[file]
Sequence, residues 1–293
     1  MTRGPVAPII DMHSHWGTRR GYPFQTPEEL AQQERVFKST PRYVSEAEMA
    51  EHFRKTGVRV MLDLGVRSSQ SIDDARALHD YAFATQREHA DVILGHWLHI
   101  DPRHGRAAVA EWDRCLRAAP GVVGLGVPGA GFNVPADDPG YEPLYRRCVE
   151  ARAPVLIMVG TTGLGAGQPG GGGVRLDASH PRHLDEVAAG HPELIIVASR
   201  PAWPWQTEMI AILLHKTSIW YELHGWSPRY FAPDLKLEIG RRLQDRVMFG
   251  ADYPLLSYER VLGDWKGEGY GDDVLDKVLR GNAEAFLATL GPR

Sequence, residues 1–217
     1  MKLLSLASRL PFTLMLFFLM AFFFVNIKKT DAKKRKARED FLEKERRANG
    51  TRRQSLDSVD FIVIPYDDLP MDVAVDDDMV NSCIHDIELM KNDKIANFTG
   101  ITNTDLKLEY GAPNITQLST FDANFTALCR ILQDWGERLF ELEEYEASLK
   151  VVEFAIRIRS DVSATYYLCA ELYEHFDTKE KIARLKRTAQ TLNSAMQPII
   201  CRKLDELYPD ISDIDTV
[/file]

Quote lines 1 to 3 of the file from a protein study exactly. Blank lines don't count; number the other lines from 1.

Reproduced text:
Sequence, residues 1–293
     1  MTRGPVAPII DMHSHWGTRR GYPFQTPEEL AQQERVFKST PRYVSEAEMA
    51  EHFRKTGVRV MLDLGVRSSQ SIDDARALHD YAFATQREHA DVILGHWLHI